This week in Bidenomics: Delta blues – Yahoo Finance

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President Biden now has his very own pandemic: The one driven by the Delta variant of the coronavirus.

Hiring retreated in August, largely because the highly contagious Delta strain is now ravaging parts of the country with tenacity rivaling the original coronavirus outbreak last year. Employers created just 235,000 new jobs in August, barely one-third of what economists were expecting. The average for the three prior months was 876,000 new jobs per month. Job growth in August was the slowest since January, when coronavirus vaccines weren’t yet widely available.

Hiring dropped off as coronavirus death rates surged anew. The daily coronavirus death rate bottomed out at 225 in early July, but has now soared well above 1,000. The death rate is now back to levels of March, and most of those dying from coronavirus now are unvaccinated Americans succumbing to the Delta variant.

The retail sector lost 29,000 jobs in August, as more consumers worried about the Delta variant stayed home. There were no job gains in leisure and hospitality, ending a six-month recovery in the hard-hit sector. “The Delta variant is scaring off customers,” Capital Economics explained in a research note. “Delta fears could also prevent people from returning to the labor force.”

The worst month of Biden’s tenure

August was the worst month of Biden’s presidency, with Americans shocked by the chaotic withdrawal of U.S. troops from Afghanistan and the death of 13 US servicemembers in an Aug. 26 suicide bombing near the Kabul airport. Biden needs good news at home to make voters forget Afghanistan and bring his sinking approval rating back up. The August job news didn’t provide the bump Biden was hoping for.

The surging Delta variant isn’t Biden’s fault, and his administration has generally done a good job of administering vaccines that came online right before Biden took office. But Biden did promote a return to normal that hasn’t materialized. In June, for instance, the Biden White House proclaimed that the July 4 holiday weekend would kick off “a summer of freedom.” 

U.S. President Joe Biden replaces his face mask after delivering remarks on the implementation of the American Rescue Plan in the State Dining Room at the White House in Washington, U.S., March 15, 2021. REUTERS/Kevin Lamarque

Whoops. The summer of freedom is now morphing into the autumn of anxiety, as Americans wait out the Delta variant and wonder what comes next. Booster shots for the vaccinated could prolong immunity for those comfortable going out, but boosters may take longer than Biden or many vaccinated Americans want. In mid-August, Biden suggested boosters could be available for all vaccinated American adults 8 months after their first round of shots. But government scientists appear to be scaling back that ambition. Booster shots for the Moderna and Johnson & Johnson shots aren’t ready yet and it’s not clear when they will be. Pfizer boosters may only go to select groups, at first. Biden is developing a pattern of overpromising on what the government can deliver.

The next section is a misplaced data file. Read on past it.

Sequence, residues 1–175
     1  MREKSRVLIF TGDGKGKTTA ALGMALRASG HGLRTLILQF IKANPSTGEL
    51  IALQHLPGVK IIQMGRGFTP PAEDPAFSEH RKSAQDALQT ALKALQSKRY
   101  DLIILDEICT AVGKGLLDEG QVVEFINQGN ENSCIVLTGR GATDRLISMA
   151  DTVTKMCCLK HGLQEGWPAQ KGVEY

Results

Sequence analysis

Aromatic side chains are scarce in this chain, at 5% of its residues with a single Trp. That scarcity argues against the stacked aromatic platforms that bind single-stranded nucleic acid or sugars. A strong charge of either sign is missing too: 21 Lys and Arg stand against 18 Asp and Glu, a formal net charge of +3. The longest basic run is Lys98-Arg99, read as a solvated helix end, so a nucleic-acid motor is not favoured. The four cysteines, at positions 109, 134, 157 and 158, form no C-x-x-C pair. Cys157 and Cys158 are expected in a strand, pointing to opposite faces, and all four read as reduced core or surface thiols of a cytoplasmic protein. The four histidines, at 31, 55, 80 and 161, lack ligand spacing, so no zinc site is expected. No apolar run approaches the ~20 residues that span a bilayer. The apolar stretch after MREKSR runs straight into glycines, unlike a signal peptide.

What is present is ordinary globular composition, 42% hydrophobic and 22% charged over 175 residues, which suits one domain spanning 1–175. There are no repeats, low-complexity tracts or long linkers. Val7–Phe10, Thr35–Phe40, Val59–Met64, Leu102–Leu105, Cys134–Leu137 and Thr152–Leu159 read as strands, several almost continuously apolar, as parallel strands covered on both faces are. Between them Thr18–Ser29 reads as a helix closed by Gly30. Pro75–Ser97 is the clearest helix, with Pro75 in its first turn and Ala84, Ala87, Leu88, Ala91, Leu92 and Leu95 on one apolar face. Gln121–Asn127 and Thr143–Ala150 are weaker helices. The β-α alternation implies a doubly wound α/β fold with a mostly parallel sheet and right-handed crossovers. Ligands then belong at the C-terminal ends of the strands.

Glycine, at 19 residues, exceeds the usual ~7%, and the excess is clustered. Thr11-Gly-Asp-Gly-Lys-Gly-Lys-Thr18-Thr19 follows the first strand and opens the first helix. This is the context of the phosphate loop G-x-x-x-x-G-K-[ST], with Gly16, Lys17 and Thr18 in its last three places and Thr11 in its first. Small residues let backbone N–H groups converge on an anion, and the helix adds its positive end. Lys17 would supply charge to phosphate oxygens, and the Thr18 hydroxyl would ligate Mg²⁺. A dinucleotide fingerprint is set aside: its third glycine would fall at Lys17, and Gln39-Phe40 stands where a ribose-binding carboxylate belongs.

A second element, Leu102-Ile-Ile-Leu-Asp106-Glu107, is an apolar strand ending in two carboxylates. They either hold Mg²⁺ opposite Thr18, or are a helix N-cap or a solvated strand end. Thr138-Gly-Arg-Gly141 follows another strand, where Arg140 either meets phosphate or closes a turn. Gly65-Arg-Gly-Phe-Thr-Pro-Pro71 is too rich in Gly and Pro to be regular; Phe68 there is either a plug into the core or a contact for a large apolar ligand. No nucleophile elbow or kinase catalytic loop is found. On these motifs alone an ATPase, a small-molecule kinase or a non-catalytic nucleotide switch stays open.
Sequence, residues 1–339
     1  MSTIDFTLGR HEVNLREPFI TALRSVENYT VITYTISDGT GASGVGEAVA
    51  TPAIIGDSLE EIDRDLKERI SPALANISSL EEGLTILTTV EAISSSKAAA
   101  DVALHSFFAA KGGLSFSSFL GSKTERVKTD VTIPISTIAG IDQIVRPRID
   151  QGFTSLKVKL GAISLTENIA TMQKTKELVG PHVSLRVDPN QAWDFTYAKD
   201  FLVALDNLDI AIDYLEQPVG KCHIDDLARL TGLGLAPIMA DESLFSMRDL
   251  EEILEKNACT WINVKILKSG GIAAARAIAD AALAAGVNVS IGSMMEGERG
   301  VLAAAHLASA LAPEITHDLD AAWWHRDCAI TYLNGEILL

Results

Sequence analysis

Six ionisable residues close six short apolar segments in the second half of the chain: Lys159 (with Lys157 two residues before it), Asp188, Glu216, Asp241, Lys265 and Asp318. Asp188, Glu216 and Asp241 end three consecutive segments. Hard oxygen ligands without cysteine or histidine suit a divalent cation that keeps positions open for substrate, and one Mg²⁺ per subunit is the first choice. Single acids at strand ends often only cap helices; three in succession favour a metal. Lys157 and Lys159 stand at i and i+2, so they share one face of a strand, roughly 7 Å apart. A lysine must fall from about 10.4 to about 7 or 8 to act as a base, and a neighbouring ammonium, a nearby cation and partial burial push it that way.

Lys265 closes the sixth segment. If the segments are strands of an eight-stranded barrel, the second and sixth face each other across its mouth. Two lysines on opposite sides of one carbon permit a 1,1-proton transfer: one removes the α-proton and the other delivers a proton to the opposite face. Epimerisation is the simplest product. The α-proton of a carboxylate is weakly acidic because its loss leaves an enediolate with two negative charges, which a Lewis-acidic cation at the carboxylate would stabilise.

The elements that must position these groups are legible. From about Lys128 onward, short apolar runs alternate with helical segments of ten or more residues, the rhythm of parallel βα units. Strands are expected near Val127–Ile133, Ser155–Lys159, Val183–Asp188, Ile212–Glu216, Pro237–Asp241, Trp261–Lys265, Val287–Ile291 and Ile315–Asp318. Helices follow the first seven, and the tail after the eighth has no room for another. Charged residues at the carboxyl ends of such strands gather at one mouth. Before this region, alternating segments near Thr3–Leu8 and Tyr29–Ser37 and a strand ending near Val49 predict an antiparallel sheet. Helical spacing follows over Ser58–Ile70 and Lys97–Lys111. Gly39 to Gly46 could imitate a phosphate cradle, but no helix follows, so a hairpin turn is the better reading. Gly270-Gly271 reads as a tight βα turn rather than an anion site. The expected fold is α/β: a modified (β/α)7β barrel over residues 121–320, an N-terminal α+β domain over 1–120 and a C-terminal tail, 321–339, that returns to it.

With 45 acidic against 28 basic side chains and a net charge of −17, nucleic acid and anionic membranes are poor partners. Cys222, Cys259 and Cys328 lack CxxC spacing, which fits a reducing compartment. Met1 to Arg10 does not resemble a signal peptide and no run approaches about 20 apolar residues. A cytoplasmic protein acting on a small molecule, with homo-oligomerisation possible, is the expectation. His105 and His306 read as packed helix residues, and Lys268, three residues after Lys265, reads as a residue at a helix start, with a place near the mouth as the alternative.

Economists expect the economy to roar ahead once major impediments are out of the way. But those impediments are stubborn. Delta would be less of a problem if all eligible Americans were vaccinated, but only about three-quarters have their shots, leaving plenty of fertile targets for the cagey virus. Anti-vaccine fervor isn’t Biden’s fault either, but on the other hand he hasn’t solved a problem that’s been apparent for months.

Federal jobless benefits that have kept many people afloat expire on Sept. 6. Federal and state eviction bans are expiring as well, leaving some struggling Americans vulnerable to homelessness. Government support programs can’t prop up the economy forever, but the August swoon in jobs and consumption might not just be a one-time aberration. “September and October are going to be white-knuckle months for households, employers and the Federal Reserve,” economist Bernard Baumohl of the Economic Outlook Group warned clients on Sept. 3.

The weak job numbers could prompt the Fed to prolong the point at which it begins to tighten monetary policy. Would that be a good thing or a bad thing? Financial markets love easy money, so stocks and other risky assets might continue to benefit from extended Fed stimulus. But it would be easy money for the wrong reason: Unexpected economic weakness. Bad news is bad news, even if markets initially misinterpret it.

Biden addressed the August job numbers after they came out, acknowledging that “there’s no question the Delta variant is why today’s jobs report isn’t stronger.” He says new measures are coming to “address the Delta variant, address some of those fears and concerns.” Delta wasn’t a force when Biden became president, but now that it’s here, he owns it. Unless he tames the variant, it will own him. 

Rick Newman is the author of four books, including “Rebounders: How Winners Pivot from Setback to Success.” Follow him on Twitter: @rickjnewman. You can also send confidential tips, and click here to get Rick’s stories by email.

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